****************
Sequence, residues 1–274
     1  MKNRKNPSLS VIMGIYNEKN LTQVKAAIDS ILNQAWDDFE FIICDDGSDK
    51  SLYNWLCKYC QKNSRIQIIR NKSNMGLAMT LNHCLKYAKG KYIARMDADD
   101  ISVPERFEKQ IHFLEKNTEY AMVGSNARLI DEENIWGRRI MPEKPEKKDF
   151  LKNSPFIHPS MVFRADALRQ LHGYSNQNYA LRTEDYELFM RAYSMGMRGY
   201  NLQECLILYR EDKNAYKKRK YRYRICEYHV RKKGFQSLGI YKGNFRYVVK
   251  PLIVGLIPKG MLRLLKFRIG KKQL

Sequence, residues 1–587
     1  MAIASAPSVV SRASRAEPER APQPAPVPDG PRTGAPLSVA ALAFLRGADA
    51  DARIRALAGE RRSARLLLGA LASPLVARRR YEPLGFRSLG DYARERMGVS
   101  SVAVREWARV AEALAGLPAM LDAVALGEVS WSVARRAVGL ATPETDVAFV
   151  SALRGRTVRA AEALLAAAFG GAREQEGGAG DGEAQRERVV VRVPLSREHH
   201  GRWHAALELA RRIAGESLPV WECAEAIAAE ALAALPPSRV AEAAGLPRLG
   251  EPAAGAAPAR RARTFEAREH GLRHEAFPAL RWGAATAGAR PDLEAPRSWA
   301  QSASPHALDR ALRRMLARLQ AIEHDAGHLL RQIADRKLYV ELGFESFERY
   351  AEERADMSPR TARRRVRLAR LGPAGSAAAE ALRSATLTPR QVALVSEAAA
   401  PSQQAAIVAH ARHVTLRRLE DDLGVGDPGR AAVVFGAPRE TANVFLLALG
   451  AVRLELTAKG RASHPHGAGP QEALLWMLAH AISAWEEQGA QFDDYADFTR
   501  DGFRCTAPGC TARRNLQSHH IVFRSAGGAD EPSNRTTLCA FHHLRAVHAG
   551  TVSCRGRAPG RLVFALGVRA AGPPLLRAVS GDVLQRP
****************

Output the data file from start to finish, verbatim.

Sequence, residues 1–274
     1  MKNRKNPSLS VIMGIYNEKN LTQVKAAIDS ILNQAWDDFE FIICDDGSDK
    51  SLYNWLCKYC QKNSRIQIIR NKSNMGLAMT LNHCLKYAKG KYIARMDADD
   101  ISVPERFEKQ IHFLEKNTEY AMVGSNARLI DEENIWGRRI MPEKPEKKDF
   151  LKNSPFIHPS MVFRADALRQ LHGYSNQNYA LRTEDYELFM RAYSMGMRGY
   201  NLQECLILYR EDKNAYKKRK YRYRICEYHV RKKGFQSLGI YKGNFRYVVK
   251  PLIVGLIPKG MLRLLKFRIG KKQL

Sequence, residues 1–587
     1  MAIASAPSVV SRASRAEPER APQPAPVPDG PRTGAPLSVA ALAFLRGADA
    51  DARIRALAGE RRSARLLLGA LASPLVARRR YEPLGFRSLG DYARERMGVS
   101  SVAVREWARV AEALAGLPAM LDAVALGEVS WSVARRAVGL ATPETDVAFV
   151  SALRGRTVRA AEALLAAAFG GAREQEGGAG DGEAQRERVV VRVPLSREHH
   201  GRWHAALELA RRIAGESLPV WECAEAIAAE ALAALPPSRV AEAAGLPRLG
   251  EPAAGAAPAR RARTFEAREH GLRHEAFPAL RWGAATAGAR PDLEAPRSWA
   301  QSASPHALDR ALRRMLARLQ AIEHDAGHLL RQIADRKLYV ELGFESFERY
   351  AEERADMSPR TARRRVRLAR LGPAGSAAAE ALRSATLTPR QVALVSEAAA
   401  PSQQAAIVAH ARHVTLRRLE DDLGVGDPGR AAVVFGAPRE TANVFLLALG
   451  AVRLELTAKG RASHPHGAGP QEALLWMLAH AISAWEEQGA QFDDYADFTR
   501  DGFRCTAPGC TARRNLQSHH IVFRSAGGAD EPSNRTTLCA FHHLRAVHAG
   551  TVSCRGRAPG RLVFALGVRA AGPPLLRAVS GDVLQRP